Hiring from other disciplines will also attract more women and minority candidates, allowing you to build more diverse organization with a wide range of backgrounds and experiences.

2. Prioritize critical thinking. During the interview and evaluation process, put more emphasis on candidates’ abilities to problem-solve and think critically. This isn’t to say that technical or “hard” skills aren’t important; rather, they’re becoming outdated increasingly fast.

Companies can teach technical knowledge, but soft skills like storytelling, creativity, communication and interpersonal skills are often overlooked yet paramount to digital transformation projects — which nearly every company is now undertaking to build a more resilient supply chain. Test for problem-solving skills by giving candidates supply chain-related case questions during the interview and asking them to work through an approach, which will better demonstrate how they are able to operate in unknown situations. 

3. Constant development. It’s no longer enough to hire someone and expect their skills to stay current forever. Supply chain technology, and the world itself, is changing too quickly. Plan and budget to invest in training, especially in areas of problem-solving methodologies and creative thinking to equip supply chain professionals with skills to address new challenges.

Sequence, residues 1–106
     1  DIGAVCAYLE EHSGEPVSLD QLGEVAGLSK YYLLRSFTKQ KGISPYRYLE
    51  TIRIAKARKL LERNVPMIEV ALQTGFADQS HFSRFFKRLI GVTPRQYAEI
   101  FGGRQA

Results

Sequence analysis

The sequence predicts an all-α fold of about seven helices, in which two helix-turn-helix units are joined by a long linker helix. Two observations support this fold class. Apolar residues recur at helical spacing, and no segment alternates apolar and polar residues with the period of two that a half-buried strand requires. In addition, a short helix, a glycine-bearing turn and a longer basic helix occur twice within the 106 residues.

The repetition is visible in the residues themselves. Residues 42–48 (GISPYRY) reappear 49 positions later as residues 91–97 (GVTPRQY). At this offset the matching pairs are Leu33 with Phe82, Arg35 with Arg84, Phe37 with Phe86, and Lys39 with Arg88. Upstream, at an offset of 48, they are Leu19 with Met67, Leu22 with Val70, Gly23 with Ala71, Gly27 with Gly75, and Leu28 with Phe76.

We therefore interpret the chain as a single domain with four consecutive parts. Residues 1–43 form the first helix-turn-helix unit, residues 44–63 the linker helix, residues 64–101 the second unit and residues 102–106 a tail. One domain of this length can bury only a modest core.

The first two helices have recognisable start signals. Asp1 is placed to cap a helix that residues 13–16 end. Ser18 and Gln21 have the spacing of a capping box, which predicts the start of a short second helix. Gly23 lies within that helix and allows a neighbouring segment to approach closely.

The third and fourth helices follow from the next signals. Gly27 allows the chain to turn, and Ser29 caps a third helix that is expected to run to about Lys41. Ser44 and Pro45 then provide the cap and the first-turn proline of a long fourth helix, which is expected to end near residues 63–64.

This can be done through a “toolbelt” approach, teaching a variety of both hard and soft skills, such as Six Sigma, design thinking, and agility, which can be used in different combinations depending on the problem at hand. This is especially important for attracting younger talent. Unlike previous generations, millennials and now Gen-Z professionals leave organizations if they aren’t achieving development goals.

And with so much demand for supply chain talent today, companies face significant attrition without a robust learning and development function in place.

In an era of automated systems and processes and AI-driven insights, securing both the technical-savvy and critical-thinking talent is the key to future success of your supply chain. It will not happen with status quo recruiting practices. Organizations must become more inclusive and focus on empowering their employees, which will help them remain competitive and address complex business problems in an increasingly volatile world in order to secure their future.


John Carter is a Consulting Manager at GEP, a leading provider of procurement and supply chain solutions to Fortune 500 companies. 

[1] The Business Cost of Supply Disruption survey of 400 U.S. and European business leaders, conducted by The Economist’s Intelligence Unit (EIU) in February 2021
[2] https://www.dhl.com/us-en/home/press/press-archive/2017/dhl-supply-chain-report-identifies-causes-of-global-talent-shortage-crisis.html